Panelists discuss how the recent attacks by Hamas and ongoing conflict between the group and Israel continue to affect security in the Middle East and influence regional dynamics, as well as the future of U.S. policy towards the region.
This discussion has been added to the agenda for the Twenty-Eighth Annual Term Member Conference.
NINAN: Hi, everyone. Good afternoon. Thank you so much for joining us, and welcome to today’s CFR 2023 Term Member Conference opening plenary, “Conflict in the Middle East.” We’re looking at Israel and the Hamas war. I want to thank all of you again for joining us. And in addition to our term members, we’re also happy to welcome our CFR life members, and our corporate members. And we’ve got many people joining us, including some of our panelists, remotely, virtually. So thank you all.
My name is Reena Ninan. I’m a journalist and founder of Good Trouble Productions. And I am excited to help host this conversation. I’m also a former CFR term member. And I’m looking forward to this.
I want to sort of kick it off with where we’re at right now. I know all of you are interested in this—in this ongoing situation, where I have, as the latest, 1,400 Israelis killed, 222 hostages taken into Gaza according to the IDF, Israeli military; 7,000 Palestinians killed according to the Hamas-run health ministry. That number can’t be independently verified. The war now is in its twentieth day, and we know it to be the deadliest of the five wars that Israel and Hamas has fought.
I want to kick it off first and introduce our wonderful panel.
Here with me in studio is Steve Cook. (Laughs.) Steve Cook, who is a senior fellow here for Middle East and Africa studies, and the director of the International Affairs fellowship for tenured international relations scholars.
Also joining us remotely is Mai El-Sadany, an executive director of the Tahrir Institute for Middle East Policy. And she’s also a human rights lawyer.
Farah Pandith, adjunct senior fellow for CFR and also a CFR member.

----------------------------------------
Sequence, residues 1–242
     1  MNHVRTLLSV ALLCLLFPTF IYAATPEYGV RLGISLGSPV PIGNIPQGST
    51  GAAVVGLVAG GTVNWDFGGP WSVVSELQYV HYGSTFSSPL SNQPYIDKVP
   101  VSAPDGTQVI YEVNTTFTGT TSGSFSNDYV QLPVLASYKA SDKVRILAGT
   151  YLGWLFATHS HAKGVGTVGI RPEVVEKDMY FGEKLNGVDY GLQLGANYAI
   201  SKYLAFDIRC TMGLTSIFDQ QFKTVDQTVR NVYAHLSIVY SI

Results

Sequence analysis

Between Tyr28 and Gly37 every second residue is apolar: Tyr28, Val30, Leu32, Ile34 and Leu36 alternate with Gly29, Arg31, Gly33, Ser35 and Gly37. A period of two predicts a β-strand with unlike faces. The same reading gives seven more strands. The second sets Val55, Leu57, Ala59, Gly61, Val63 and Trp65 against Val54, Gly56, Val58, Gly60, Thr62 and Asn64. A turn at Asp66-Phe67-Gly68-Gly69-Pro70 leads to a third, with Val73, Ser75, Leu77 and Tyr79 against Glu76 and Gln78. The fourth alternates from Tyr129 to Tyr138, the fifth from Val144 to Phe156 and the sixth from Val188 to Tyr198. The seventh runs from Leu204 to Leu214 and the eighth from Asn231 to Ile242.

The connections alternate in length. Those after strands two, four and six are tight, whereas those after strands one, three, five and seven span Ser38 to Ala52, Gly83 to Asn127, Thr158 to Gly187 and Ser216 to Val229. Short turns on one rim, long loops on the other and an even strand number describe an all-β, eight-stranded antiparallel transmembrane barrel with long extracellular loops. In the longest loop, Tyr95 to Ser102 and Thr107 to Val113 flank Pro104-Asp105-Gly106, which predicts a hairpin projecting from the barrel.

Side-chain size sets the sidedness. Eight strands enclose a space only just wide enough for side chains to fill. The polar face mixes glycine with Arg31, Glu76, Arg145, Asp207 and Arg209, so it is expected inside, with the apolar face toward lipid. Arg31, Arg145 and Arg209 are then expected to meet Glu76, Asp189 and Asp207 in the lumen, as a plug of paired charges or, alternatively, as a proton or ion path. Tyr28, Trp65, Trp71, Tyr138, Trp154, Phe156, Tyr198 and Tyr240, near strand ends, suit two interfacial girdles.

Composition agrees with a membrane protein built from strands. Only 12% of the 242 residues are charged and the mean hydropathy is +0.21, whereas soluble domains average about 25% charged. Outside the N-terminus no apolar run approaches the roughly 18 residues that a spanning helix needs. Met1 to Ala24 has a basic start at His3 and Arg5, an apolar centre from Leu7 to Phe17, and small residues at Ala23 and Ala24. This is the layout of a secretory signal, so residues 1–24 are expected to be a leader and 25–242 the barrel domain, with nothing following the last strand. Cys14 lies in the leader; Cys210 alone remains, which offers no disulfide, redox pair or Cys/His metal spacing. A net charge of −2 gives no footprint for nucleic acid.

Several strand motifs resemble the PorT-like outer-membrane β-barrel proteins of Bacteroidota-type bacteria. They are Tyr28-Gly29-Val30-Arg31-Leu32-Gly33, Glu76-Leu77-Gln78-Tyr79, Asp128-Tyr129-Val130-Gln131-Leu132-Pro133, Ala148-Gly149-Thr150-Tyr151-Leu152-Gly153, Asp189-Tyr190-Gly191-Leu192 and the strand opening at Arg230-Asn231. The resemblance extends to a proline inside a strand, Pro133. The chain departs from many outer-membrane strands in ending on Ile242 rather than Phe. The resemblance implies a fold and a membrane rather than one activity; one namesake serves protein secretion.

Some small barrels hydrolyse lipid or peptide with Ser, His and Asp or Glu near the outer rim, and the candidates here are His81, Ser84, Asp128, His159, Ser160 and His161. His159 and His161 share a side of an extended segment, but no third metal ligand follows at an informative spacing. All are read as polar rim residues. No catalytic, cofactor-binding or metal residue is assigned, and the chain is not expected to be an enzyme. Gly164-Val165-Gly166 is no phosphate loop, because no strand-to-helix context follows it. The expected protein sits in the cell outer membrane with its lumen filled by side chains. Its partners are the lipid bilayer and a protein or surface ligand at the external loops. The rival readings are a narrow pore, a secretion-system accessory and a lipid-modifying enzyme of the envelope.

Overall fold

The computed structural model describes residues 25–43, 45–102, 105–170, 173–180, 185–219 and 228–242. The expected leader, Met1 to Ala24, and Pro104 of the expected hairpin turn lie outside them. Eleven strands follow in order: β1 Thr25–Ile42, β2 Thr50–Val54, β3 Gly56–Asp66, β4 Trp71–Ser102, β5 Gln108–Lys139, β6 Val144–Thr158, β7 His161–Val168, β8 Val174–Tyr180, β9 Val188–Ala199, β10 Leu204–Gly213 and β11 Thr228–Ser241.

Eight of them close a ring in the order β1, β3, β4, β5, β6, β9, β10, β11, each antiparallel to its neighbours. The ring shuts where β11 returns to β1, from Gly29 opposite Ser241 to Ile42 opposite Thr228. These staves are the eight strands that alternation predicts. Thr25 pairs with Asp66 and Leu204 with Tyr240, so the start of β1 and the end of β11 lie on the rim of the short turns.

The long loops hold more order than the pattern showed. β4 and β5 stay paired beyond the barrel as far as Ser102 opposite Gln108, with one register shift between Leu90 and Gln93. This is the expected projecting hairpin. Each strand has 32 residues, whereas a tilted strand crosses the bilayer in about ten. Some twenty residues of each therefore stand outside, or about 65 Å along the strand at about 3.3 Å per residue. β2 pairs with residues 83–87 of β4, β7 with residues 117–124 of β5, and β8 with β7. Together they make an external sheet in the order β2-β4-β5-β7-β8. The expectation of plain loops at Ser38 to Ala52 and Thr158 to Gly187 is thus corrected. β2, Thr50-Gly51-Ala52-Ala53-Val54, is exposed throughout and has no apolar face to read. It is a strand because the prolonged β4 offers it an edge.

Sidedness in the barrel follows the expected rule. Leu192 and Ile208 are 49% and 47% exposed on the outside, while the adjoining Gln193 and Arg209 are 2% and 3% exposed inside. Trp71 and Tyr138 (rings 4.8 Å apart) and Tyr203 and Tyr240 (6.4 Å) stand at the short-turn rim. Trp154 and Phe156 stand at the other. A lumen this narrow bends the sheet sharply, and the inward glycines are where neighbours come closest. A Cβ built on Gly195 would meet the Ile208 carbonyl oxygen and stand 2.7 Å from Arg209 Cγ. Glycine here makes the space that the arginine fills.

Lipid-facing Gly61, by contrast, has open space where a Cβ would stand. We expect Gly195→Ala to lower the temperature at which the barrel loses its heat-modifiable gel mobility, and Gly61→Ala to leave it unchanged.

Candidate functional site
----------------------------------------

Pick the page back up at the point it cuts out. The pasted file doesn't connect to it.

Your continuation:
And Mara Rudman. She’s a distinguished professor, Miller Center, University of Virginia, and also a former senior national security official for Presidents Clinton and Obama. She’s also a CFR member, and joining us remotely.
Mara, I want to go ahead and start with you, if you don’t mind. Today, the Israeli military said that they had briefly sent tanks overnight into Gaza. This is what they called preparation for the next phase of this. Where are we headed?
RUDMAN: We are headed into a—difficult as the time has been over the last couple of weeks, an even more difficult period ahead. I think we saw in how President Biden handled the discussion at the top of his session with the Australian prime minister yesterday that for the United States it’s a matter of trying to reassure Israel that we’re with them in terms of the commitment to defend themselves and to root out the terror that has been the Hamas military leadership and, at the same time, operate within the rules of war, the laws of war, which involves very careful and extraordinarily difficult, as the president said, navigation to try to, to the fullest extent possible, minimize the harm to the many innocents that are in Gaza. Also increasing the amounts of humanitarian aid going forward and trying to get as many people out as possible. As many civilians out, particularly foreign nationals.